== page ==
The Value Of Signage

Little things can make all the difference. For example, effective signage is more than just hanging up a poster or two…


Depending on your point of view, the road leading to Teton Village, where the Grand Teton Music Festival Orchestra performs, is a marketer’s dream or nightmare. The village is constructed with only one road in and out so any advertisements appearing at that opening are guaranteed to be noticed by everyone visiting the village.

I was pleased to see that the GTMF was able to get a big banner at that entrance point (click the photo to your right to enlarge). I don’t recall if they had a banner there in past years, but this attractive banner really caught my attention. Teton Village offers a variety of tourist attractions and visitor activities and the GTMF has always struggled to find its place among these offerings; as such, having a banner strewn across the village opening is good for a number of reasons.

Regardless of the purpose for their visit, tourists know there’s a music festival going on and this is where they can take part. Perhaps more important is the fact that having their banner as the lone advertisement at the entrance point conveys an inherent amount of value in what the festival offers among the mind of the village officials.

This is doubly important for the GTMF because the signage on the outside of their venue is difficult to see from the main parking lot, as demonstrated in the picture to your right, which was taken from the front of the parking lot and the assistance of an optical zoom lens (click to enlarge). As such, it is likely you wouldn’t know the festival was around if it wasn’t your purpose for being there to begin with.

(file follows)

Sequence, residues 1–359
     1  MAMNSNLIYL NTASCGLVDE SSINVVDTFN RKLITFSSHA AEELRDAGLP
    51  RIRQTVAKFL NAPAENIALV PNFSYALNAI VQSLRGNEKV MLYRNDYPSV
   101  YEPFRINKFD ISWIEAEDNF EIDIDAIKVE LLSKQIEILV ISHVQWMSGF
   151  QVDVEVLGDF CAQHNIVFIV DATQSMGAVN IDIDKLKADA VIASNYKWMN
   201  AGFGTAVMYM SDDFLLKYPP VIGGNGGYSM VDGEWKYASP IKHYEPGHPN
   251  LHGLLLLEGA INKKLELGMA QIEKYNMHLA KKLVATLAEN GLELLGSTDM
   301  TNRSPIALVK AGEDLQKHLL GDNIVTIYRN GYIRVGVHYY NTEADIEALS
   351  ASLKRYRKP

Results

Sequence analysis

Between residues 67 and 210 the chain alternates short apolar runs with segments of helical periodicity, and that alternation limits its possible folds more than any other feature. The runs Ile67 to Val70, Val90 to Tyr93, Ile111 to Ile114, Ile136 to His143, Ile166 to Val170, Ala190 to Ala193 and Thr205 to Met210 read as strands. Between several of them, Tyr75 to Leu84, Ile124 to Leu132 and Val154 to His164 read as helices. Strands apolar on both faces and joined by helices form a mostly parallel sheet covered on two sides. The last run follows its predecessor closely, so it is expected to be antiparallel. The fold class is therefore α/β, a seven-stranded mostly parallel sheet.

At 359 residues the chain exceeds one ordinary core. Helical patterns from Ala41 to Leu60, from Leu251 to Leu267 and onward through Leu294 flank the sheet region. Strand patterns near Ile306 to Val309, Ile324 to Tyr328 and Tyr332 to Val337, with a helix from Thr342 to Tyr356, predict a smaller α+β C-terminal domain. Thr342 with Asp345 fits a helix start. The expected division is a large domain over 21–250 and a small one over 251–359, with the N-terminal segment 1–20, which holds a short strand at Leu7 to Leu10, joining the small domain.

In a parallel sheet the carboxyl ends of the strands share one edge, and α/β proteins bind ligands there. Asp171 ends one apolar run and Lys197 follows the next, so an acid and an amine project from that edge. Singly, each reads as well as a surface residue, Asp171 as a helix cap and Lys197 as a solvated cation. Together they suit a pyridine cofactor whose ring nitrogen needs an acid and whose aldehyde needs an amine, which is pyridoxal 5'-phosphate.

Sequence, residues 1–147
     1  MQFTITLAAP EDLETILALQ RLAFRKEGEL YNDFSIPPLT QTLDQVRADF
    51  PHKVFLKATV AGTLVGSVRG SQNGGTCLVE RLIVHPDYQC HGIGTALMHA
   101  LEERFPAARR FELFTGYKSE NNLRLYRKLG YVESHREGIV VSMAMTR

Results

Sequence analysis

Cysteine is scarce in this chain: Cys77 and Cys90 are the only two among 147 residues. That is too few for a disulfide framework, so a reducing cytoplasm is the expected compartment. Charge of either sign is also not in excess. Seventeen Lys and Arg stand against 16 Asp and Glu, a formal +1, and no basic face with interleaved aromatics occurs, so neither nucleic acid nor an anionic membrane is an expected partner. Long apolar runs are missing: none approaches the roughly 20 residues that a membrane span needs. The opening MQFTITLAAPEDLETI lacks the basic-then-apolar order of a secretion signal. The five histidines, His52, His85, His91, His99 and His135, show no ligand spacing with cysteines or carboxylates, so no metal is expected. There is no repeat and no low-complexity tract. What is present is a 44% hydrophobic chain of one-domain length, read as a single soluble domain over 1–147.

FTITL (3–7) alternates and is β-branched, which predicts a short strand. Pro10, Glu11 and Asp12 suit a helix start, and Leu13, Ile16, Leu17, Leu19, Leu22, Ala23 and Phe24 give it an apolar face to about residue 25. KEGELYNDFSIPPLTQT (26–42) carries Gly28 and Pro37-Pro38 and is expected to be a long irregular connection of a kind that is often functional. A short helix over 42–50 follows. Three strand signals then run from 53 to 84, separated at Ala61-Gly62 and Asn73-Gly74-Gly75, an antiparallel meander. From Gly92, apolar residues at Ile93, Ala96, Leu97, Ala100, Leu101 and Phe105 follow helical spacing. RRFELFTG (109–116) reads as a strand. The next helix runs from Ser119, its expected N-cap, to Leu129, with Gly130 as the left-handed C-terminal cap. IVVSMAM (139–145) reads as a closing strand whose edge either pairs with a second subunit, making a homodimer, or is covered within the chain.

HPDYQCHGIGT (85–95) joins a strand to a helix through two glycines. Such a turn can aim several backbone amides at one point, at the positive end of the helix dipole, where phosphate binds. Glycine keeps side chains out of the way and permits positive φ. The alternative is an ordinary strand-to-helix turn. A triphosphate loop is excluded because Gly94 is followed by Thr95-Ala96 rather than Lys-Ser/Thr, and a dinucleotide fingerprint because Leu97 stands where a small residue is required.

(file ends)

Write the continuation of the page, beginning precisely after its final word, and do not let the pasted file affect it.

There’s one more thing the festival could benefit from but I’ll get to that in another post.

About Drew McManus

"I hear that every time you show up to work with an orchestra, people get fired." Those were the first words out of an executive's mouth after her board chair introduced us. That executive is now a dear colleague and friend but the day that consulting contract began with her orchestra, she was convinced I was a hatchet-man brought in by the board to clean house.

I understand where the trepidation comes from as a great deal of my consulting and technology provider work for arts organizations involves due diligence, separating fact from fiction, interpreting spin, as well as performance review and oversight. So yes, sometimes that work results in one or two individuals "aggressively embracing career change" but far more often than not, it reinforces and clarifies exactly what works and why.

In short, it doesn't matter if you know where all the bodies are buried if you can't keep your own clients out of the ground, and I'm fortunate enough to say that for more than 15 years, I've done exactly that for groups of all budget size from Qatar to Kathmandu.

For fun, I write a daily blog about the orchestra business, provide a platform for arts insiders to speak their mind, keep track of what people in this business get paid, help write a satirical cartoon about orchestra life, hack the arts, and love a good coffee drink.

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